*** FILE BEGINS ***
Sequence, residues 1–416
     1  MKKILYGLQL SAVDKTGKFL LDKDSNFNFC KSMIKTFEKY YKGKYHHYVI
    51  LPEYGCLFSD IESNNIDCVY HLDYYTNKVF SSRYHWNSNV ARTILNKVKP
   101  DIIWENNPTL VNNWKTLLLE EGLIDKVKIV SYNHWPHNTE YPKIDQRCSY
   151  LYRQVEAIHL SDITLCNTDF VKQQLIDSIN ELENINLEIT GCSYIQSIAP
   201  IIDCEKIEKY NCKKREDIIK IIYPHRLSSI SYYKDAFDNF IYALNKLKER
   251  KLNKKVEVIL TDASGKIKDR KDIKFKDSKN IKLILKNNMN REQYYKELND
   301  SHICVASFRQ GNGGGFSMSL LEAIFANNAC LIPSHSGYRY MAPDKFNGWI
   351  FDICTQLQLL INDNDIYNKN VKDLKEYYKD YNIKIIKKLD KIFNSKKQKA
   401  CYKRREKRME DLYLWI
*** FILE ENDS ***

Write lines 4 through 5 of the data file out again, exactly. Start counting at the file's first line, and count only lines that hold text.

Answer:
   101  DIIWENNPTL VNNWKTLLLE EGLIDKVKIV SYNHWPHNTE YPKIDQRCSY
   151  LYRQVEAIHL SDITLCNTDF VKQQLIDSIN ELENINLEIT GCSYIQSIAP